On Thursday, October 30th, Lisa Peters the author of Fractured Lands will speak in the East Asia Room of the Mighty Chester Fritz Library. The book has received a positive review from the Minneapolis Star Tribune and I’ve offered my thoughts on it here.
While making a poster for the book, I took a few minutes to think about the font used on the cover. I think it’s a version of Cochin, but it’s clearly a transitional serif font. I suspect the use of this font for book covers is designed to evoke the cover of Larry Potter books which used a version of Cochin to evoke the fantastic and anachronistic world of the young wizard (or whatever he is). As someone who wrote a fairly long dissertation and endless articles under the oppressive gaze of Times New Roman, I’m sort of over transitional serif fonts. I can vaguely grasp the point of it on the cover. I suppose it is designed to evoke tensions between her father’s fascination with North Dakota oil and her own desire to move forward into a greener, more environmentally friendly world.
Ironically, the book is set in a modern serif font, Escrow, made famous by the Wall Street Journal. I thought that was a nice touch, considering the topic of the book! I might have dumped the Larry Potteresque title and run an old style serif font like Garamond throughout. I like the intimacy of the Classical/Old Style fonts and I think they’d be fitting for a memoire.
Font situation aside, her talk should be good fun. I’m donating some of my time from North Dakota Humanities Council affairs to organizing this talk, so it’s sponsored by the NDHC.
October 17, 2014 § Leave a comment
This week really felt like fall. Not the typical North Dakota fall, where its in the 60s for three days, the 50s for 3 days, and then is just plain cold, but the kind of fall where making piles of leaves is fun and you can talk for hours whether to put in the storm windows. This had to be one of the nicest weeks since I’ve moved to North Dakotaland.
I wish it inspired a more productive week, but I was at least able to bring together a little list of quick hits are varia.
- Here’s the preliminary program of the Archaeological Institute of America Meeting in New Orleans next January.
- 36 Hours in Athens by a former resident of Williston, ND.
- Cyprus in Switzerland.
- This looks cool.
- First review of Punk Archaeology.
- Ottoman maps of the United States.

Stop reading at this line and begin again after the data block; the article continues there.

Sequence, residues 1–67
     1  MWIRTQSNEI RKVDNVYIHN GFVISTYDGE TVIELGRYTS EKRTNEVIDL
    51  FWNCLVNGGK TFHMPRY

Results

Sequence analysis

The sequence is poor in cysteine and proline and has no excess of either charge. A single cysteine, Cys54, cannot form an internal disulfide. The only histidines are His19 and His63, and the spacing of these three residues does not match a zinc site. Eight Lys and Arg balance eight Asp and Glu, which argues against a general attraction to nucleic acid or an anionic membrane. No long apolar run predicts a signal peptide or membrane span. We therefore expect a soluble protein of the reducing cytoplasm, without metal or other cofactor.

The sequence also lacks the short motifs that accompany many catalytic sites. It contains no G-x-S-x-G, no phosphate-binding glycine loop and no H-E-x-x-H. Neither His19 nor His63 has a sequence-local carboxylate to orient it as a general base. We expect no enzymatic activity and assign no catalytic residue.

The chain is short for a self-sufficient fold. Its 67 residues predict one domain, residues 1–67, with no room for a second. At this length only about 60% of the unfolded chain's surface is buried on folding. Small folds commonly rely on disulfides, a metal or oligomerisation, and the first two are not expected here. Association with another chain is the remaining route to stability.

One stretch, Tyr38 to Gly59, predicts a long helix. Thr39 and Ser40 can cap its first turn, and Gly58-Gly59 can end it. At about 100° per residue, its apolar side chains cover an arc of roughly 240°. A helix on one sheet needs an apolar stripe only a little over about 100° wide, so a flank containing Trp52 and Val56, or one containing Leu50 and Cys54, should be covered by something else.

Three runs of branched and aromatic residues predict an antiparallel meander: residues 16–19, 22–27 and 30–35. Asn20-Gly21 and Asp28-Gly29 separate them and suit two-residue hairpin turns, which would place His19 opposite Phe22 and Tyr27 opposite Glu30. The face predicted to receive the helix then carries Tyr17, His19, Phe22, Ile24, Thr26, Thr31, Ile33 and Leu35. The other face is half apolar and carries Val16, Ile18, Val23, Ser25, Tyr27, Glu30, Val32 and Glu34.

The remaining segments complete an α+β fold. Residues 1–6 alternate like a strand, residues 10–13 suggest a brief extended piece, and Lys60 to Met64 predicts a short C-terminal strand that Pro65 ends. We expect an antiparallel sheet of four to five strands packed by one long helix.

- More reasons to keep a messy room.
- Cities that sleep more or less.
- Thoughts on the Future of History and check out the open access Manifesto(pdf)!
- R2D2 vs. C3PO by a former resident of Grand Forks, ND.
- The D.C. Punk Library.
- Some oil patch notes
- Biking the oil patch.
- Working at Whispers.
- Some thoughts on ND Measure 5 from a former resident of Stanley, ND.
- First drafts of history: the earliest extant versions of Wikipedia articles.
- “Internet courage is like a Cover 2 corner. When you got safety over the top, you feel better about yourself.” Torrey Smith
- What I’m reading: R. Gold, The Boom: How Fracking Ignited the American Energy Revolution and Changed the World. 2014.
- What I’m listening to: Ex Hex, Rips; Jawbreaker, 24 Hour Revenge Therapy.
It’s a dog’s life.
October 16, 2014 § 1 Comment
I was out for my evening “run” last night (which is actually more of a trot or a shuffle) and I had a remarkable experience.
As I was heading out Belmont Road in Grand Forks and complaining to myself about the persistent headwind, I passed an old man and said “Hi” as I usually do. He was walking with a cane, and presumably out enjoying the same lovely fall day that I was ruining for myself by running.
He said, as I ran past, “It’s been a long time since I could do that.”
I responded, “I’m just trying to hang on for as long as I can,” thinking about the fall weather.
He didn’t hear me so I doubled back to tell him what I said. When I got back to him he told me a story completely unprompted.
He said that when he was in about second or third grade, the concrete sidewalk where we were standing had buckled a bit and had fallen apart. He and his two friends where riding their bikes down this little hill and Johnny Erikson’s front wheel grabbed on the crumbling concrete sending him over the handlebars and skinning his knees badly. He then told me that they sat there a while while he bawled because they weren’t doctors and didn’t really know what to do. When Johnny stopped crying they went on their way.
He then pointed to the massive elm tree by the side of the road and said, “This tree was there then and it was large, just as it is now…. and that must have been, well, at least 50 years ago.”